|photo: Kathy Huang|
Is it possible to change lives with words? Michelle Kuo, author of Reading with Patrick (reviewed below), believed so when, at the age of 22, she set out to teach in the Mississippi Delta. Armed with a degree from Harvard and a passion for the Civil Rights movement, Kuo felt sure she would find a city and its people eager for aid. The truth was something altogether different: "What had the Civil Rights Movement been for--the violence, the martyrs, the passionate actions--if its birthplace was still poor, still segregated, still in need of dramatic social change?"
Though daunted in the classroom, Kuo carried on, wondering if she'd ever manage to make a difference. She applied to law schools, convinced by college friends that she could "maximize" her impact with another degree. Eventually, she made strides with her students through writing, the star being Patrick Browning, a 15-year-old with a quiet, calm presence and a desire to learn. But the influence of Kuo's parents, Taiwanese immigrants, coupled with Kuo's own doubts over her effectiveness, led her to leave and pursue a law degree, eventually landing in California.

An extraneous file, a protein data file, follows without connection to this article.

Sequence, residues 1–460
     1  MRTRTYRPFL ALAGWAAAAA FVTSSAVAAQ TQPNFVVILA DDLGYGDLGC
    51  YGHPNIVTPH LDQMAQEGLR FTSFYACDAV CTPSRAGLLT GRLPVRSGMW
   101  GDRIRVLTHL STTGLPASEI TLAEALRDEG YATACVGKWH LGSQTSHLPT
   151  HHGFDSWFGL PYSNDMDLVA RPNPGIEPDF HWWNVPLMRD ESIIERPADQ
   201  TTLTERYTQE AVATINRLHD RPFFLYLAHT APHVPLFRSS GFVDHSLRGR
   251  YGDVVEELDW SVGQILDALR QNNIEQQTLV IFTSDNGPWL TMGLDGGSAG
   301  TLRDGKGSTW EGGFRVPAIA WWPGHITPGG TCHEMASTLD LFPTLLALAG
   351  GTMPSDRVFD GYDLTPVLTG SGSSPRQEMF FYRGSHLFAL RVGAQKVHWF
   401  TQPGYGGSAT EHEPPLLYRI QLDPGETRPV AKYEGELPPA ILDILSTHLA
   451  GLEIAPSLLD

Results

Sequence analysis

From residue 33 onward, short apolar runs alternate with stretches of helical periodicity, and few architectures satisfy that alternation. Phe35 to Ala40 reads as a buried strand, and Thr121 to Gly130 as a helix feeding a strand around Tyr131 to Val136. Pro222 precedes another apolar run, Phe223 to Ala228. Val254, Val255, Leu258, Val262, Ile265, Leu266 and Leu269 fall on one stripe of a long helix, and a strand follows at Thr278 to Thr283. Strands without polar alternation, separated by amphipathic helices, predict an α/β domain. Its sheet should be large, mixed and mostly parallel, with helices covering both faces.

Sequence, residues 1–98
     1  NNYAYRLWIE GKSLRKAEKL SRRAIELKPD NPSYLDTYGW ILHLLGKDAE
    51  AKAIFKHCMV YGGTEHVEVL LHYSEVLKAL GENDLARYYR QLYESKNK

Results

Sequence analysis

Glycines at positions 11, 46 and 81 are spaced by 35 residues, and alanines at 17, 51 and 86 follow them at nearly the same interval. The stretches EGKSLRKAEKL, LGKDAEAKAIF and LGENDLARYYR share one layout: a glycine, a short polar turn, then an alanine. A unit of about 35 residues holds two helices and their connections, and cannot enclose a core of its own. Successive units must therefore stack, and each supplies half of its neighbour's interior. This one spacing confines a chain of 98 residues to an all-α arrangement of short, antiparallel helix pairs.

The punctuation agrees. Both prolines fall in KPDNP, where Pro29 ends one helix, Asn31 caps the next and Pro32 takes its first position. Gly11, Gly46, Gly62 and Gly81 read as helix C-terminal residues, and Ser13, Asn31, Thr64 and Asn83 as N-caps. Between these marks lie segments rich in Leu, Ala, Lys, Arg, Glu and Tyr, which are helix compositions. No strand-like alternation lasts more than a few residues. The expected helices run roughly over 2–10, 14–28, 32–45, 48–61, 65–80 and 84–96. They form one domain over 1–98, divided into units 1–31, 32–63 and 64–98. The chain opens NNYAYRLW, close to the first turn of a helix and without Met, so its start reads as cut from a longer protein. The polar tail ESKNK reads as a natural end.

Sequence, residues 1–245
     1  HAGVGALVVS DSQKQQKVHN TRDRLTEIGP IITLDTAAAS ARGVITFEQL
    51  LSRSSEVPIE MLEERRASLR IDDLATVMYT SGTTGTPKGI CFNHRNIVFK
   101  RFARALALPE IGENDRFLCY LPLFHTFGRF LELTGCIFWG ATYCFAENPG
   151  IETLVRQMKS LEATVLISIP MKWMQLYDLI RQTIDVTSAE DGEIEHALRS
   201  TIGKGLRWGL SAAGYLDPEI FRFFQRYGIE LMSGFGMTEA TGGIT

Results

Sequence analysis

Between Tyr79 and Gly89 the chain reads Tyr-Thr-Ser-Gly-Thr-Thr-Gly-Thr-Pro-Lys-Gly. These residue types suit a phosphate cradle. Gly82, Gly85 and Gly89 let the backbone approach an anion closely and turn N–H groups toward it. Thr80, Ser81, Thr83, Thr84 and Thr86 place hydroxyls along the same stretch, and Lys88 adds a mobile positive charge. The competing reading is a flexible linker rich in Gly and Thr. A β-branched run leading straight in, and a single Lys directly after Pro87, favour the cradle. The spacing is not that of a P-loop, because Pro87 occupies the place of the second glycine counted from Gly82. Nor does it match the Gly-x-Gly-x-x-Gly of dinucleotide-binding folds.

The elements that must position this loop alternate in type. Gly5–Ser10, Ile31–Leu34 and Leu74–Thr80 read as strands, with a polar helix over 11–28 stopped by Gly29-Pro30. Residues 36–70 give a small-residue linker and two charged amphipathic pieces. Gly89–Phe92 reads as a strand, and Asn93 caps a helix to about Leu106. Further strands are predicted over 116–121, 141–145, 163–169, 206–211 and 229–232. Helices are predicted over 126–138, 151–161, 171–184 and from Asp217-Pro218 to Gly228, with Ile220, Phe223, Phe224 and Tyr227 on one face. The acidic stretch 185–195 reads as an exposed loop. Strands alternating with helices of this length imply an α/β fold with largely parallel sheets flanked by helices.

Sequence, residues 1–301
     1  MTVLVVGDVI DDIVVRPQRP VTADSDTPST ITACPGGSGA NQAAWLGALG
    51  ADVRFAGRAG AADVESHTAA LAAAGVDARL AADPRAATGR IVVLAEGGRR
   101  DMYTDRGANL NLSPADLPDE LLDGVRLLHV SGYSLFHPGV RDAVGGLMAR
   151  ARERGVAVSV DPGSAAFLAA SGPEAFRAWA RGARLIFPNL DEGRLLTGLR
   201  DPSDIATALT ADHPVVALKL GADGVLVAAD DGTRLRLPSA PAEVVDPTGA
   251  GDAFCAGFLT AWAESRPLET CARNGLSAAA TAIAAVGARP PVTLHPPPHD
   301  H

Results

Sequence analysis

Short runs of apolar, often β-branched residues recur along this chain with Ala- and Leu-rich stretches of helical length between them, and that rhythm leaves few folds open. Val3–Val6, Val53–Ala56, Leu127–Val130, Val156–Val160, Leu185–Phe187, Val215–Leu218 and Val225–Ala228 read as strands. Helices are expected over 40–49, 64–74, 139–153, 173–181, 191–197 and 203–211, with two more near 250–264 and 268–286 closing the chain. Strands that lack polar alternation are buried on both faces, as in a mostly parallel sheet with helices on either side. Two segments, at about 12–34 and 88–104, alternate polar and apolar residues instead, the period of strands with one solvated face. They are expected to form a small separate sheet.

Still, the Delta was never far from Kuo's mind. And when she heard that Patrick had killed a man, she returned--and stayed, visiting him every day in the almost two years leading up to his trial. They read together and, ultimately, connected in a way Kuo had always hoped for, but feared was impossible: "There were moments when I was reading with Patrick that he appeared to me anew...." "[T]here seemed to exist between us a mystical and radical and improbable equality. This was what reading could do: It could make you, however fleetingly, unpredictable. You were not someone about whom another can say, You are this kind of person, but rather a person for whom nothing is predetermined." Ultimately, Kuo learned it is possible to change lives with words. Maybe not in the precise way one would expect or hope, but change nonetheless. --Stefanie Hargreaves, editor, Shelf Awareness for Readers